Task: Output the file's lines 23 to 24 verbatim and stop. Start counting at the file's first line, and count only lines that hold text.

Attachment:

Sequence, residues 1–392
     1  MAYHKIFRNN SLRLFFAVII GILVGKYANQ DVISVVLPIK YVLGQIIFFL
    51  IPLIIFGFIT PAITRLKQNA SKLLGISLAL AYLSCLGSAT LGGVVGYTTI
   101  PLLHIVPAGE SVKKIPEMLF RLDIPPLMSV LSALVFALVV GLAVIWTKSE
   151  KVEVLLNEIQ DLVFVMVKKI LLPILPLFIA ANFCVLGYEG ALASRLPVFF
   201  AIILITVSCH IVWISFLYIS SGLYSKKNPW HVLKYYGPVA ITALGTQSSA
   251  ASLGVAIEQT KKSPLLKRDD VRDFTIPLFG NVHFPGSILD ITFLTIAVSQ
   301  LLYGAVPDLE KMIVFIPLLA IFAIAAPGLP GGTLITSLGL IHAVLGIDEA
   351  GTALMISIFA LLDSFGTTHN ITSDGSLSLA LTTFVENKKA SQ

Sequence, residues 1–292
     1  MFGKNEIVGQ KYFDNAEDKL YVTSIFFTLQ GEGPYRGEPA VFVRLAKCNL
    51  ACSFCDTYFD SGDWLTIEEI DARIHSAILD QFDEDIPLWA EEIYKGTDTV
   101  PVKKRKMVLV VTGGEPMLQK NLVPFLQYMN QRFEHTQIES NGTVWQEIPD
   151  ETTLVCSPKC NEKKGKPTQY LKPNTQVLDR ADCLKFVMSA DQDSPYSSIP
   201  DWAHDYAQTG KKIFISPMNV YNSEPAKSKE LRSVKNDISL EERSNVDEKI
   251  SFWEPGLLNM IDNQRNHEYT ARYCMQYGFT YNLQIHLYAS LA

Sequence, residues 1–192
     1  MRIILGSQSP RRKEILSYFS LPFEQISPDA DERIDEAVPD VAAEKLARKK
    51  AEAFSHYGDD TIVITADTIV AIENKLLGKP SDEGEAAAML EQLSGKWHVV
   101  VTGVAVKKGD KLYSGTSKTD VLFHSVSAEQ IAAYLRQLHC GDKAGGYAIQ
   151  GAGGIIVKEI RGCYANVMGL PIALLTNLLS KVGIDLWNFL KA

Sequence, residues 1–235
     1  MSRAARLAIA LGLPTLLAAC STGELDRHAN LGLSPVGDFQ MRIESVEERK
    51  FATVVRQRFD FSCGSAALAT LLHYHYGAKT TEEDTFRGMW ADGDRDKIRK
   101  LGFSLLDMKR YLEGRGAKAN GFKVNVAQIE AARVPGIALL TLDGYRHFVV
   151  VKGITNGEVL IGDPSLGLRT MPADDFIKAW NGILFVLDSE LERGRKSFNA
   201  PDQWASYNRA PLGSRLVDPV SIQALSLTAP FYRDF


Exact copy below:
     1  MSRAARLAIA LGLPTLLAAC STGELDRHAN LGLSPVGDFQ MRIESVEERK
    51  FATVVRQRFD FSCGSAALAT LLHYHYGAKT TEEDTFRGMW ADGDRDKIRK